FICO Credit Scores: What Do They Mean?
Since we live in an automated world, it's not surprising that your ability to repay your mortgage comes down to just one number.
All the years you've been paying your various bills: your mortgage, vehicle payments, and credit card bills are analyzed, sliced, diced, spindled and mutilated into a single indicator of whether you're likely to meet your future obligations.
The three credit reporting agencies use slightly different formulas to build a credit score. Fair Isaac and Cooriginally developed this score. .
Experian uses this model and calls its score FICO. Equifax's model, based on FICO, is called BEACON, while TransUnion, which also uses a slightly modified FICO, calls its score EMPIRICA. While the formulas vary, the differences aren't huge; they all use the following to build a credit score:
- Credit History - How many years have you had credit?
- Late Payments - Have you paid more than 30 days late?
- Credit Card Balances - How many credit card accounts do you have, and how much do you owe?
- Inquiries on Your Credit - How many times have lenders pulled your credit for the purpose of giving you a loan?
These factors are weighted differently depending on which formula the agency uses. Each formula produces a single number which may vary a a little from one agency to another. Credit scores range from 300 to 800. Higher scores are better. Most people getting a mortgage score 620 or above.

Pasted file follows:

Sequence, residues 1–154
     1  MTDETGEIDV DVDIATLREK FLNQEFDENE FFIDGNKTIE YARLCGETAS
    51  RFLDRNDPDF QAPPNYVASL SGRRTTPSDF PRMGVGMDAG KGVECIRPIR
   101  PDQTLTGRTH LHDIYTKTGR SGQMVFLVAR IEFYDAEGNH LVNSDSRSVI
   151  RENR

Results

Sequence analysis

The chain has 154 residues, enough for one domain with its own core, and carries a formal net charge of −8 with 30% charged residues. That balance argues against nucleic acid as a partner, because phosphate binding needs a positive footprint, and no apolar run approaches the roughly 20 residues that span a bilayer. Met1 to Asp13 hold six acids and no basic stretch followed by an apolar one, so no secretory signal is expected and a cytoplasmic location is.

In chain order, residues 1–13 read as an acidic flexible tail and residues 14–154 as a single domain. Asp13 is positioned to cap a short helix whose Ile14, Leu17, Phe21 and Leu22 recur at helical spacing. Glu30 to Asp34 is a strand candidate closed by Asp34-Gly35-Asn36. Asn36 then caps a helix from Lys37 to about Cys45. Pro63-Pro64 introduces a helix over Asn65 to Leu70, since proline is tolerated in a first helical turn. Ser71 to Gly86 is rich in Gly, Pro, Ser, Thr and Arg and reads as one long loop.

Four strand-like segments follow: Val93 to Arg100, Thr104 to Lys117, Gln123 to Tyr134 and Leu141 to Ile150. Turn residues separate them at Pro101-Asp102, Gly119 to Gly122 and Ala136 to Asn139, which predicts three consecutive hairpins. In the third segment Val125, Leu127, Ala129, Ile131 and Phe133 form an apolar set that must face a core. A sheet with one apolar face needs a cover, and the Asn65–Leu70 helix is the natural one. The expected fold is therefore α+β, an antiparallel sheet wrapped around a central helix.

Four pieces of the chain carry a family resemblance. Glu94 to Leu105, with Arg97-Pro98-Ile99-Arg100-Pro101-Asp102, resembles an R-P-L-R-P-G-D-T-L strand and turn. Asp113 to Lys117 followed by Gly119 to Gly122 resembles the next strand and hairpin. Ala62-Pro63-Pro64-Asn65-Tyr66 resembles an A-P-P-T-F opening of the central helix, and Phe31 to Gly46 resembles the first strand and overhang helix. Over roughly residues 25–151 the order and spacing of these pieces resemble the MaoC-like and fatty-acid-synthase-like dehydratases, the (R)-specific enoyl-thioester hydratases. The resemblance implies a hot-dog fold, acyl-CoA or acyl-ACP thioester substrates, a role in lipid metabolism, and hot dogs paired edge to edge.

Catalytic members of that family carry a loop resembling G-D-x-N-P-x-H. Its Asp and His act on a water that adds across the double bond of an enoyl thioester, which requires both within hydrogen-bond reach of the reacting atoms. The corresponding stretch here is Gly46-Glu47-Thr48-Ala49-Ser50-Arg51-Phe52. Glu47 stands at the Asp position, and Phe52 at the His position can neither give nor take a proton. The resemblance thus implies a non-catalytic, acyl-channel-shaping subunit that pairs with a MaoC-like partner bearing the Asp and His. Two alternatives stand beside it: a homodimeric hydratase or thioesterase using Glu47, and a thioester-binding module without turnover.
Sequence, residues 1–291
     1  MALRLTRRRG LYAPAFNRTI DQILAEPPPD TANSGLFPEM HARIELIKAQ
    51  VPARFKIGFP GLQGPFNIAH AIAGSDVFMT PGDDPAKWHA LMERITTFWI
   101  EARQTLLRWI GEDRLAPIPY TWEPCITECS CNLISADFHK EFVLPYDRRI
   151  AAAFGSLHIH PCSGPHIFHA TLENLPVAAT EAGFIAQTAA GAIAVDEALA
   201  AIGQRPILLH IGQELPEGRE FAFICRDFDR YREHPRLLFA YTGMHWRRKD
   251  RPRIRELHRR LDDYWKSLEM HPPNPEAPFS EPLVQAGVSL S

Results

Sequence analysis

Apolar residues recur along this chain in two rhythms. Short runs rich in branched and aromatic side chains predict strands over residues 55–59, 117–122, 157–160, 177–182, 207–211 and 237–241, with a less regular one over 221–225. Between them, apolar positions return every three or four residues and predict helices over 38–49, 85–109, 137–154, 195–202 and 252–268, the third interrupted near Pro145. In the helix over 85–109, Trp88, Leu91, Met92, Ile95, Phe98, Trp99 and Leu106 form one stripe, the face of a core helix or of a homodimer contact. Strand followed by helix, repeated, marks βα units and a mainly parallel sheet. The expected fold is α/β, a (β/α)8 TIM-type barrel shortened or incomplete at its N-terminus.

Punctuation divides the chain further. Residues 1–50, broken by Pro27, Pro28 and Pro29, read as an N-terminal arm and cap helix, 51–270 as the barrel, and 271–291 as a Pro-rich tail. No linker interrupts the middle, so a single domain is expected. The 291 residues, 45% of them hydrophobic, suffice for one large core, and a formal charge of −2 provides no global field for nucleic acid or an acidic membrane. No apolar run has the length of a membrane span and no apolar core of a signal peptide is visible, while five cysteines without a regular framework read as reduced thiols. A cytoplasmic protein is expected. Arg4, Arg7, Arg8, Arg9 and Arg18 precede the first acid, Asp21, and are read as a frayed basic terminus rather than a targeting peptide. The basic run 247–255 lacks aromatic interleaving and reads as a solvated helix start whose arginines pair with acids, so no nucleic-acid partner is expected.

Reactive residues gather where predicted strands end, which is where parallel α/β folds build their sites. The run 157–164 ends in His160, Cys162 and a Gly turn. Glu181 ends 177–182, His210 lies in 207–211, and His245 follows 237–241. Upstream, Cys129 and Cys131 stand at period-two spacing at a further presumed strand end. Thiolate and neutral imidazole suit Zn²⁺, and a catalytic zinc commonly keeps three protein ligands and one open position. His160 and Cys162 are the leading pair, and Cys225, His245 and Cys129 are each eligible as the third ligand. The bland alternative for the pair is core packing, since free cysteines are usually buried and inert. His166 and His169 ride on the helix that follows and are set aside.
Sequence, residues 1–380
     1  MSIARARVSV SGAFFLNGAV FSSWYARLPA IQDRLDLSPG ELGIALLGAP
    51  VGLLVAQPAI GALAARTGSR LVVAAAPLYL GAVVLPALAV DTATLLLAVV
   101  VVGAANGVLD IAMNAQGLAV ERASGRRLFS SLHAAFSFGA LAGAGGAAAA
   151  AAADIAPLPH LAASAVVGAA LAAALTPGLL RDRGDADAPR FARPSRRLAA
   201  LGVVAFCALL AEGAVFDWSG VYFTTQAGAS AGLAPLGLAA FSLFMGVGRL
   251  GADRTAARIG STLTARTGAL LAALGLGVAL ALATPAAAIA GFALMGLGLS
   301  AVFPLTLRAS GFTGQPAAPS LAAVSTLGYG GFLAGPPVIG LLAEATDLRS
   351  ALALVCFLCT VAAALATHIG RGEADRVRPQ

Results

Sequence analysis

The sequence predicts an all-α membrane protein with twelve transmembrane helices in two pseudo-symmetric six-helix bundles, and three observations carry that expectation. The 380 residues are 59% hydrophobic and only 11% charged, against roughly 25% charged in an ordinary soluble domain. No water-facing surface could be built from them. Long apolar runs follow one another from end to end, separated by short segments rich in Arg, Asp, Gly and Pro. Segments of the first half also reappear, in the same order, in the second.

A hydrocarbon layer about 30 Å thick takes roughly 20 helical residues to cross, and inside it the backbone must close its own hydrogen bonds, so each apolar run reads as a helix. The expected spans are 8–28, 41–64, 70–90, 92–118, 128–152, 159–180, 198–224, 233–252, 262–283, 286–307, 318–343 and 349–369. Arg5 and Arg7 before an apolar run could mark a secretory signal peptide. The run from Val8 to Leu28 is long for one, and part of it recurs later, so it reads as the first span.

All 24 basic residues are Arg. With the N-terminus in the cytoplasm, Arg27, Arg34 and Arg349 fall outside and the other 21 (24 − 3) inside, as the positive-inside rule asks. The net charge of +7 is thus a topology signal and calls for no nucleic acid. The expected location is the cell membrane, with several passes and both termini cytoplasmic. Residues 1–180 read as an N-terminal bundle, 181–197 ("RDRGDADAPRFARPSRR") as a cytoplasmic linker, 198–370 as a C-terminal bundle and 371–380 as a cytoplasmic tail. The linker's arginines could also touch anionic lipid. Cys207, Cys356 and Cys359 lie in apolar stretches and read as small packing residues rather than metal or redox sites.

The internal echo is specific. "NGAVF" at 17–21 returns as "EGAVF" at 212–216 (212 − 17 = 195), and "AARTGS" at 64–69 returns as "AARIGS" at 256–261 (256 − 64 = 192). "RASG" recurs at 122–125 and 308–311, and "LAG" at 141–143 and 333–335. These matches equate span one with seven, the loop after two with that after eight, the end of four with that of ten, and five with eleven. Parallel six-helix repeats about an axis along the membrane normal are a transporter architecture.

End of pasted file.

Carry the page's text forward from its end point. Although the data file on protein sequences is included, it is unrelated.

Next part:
Not just for qualifying
Credit scores are used for more than just determining whether or not you qualify for a mortgage. Lenders give lower interest rates to individuals with higher scores.
Improving your score
Unfortunately, there isn't a lot you can do to immediately improve your credit score. So called "credit repair" companies advertise quick fixes, but the FICO score is calculated from your lifetime credit history, so it's not possible to raise it significantly in the short term. (Of course you must remove incorrect data on your credit report.)
How do I find out my credit score?
Before you can improve your FICO score, you have to get your score and ensure that the reports from each agency are correct. Fair Isaac, the company that offered the original FICO credit score, offers scores on its website: myFICO.com. It's inexpensive to get your FICO from all three agencies, along with your credit report. Also available are information and tools that help you analyze what actions might have the greatest impact on your FICO score.
You can get a free credit report once per year from all three credit reporting agencies when you visit AnnualCreditReport.com. These reports do not include a free score, but it's very inexpensive to get one at the same time.
Armed with this information, you'll be a more informed consumer and you'll be better positioned to obtain the right mortgage for you.
Want to know more about credit scores? Call us: (972) 292-0448.